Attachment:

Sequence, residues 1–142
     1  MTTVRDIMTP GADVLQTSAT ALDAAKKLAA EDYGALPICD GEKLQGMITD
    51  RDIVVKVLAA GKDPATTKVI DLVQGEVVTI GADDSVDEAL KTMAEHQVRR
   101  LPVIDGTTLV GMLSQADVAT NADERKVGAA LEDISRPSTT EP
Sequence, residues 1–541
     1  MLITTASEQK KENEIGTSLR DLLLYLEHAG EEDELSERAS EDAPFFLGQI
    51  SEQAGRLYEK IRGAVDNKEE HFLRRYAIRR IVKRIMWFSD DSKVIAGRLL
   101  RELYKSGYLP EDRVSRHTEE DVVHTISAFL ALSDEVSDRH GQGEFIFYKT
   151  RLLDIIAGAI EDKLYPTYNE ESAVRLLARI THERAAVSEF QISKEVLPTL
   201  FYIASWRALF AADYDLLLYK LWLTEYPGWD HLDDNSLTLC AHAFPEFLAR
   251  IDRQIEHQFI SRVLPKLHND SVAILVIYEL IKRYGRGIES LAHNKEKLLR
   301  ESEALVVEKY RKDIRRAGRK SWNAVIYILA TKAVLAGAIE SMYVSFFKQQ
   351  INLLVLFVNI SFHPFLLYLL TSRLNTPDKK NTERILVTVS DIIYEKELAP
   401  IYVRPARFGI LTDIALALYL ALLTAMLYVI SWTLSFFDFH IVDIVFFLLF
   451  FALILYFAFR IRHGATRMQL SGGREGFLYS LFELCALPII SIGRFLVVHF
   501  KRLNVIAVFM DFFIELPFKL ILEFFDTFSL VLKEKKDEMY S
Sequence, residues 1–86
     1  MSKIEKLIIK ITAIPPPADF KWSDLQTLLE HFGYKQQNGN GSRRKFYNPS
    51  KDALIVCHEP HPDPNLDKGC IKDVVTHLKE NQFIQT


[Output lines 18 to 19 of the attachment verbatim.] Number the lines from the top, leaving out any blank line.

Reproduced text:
     1  MSKIEKLIIK ITAIPPPADF KWSDLQTLLE HFGYKQQNGN GSRRKFYNPS
    51  KDALIVCHEP HPDPNLDKGC IKDVVTHLKE NQFIQT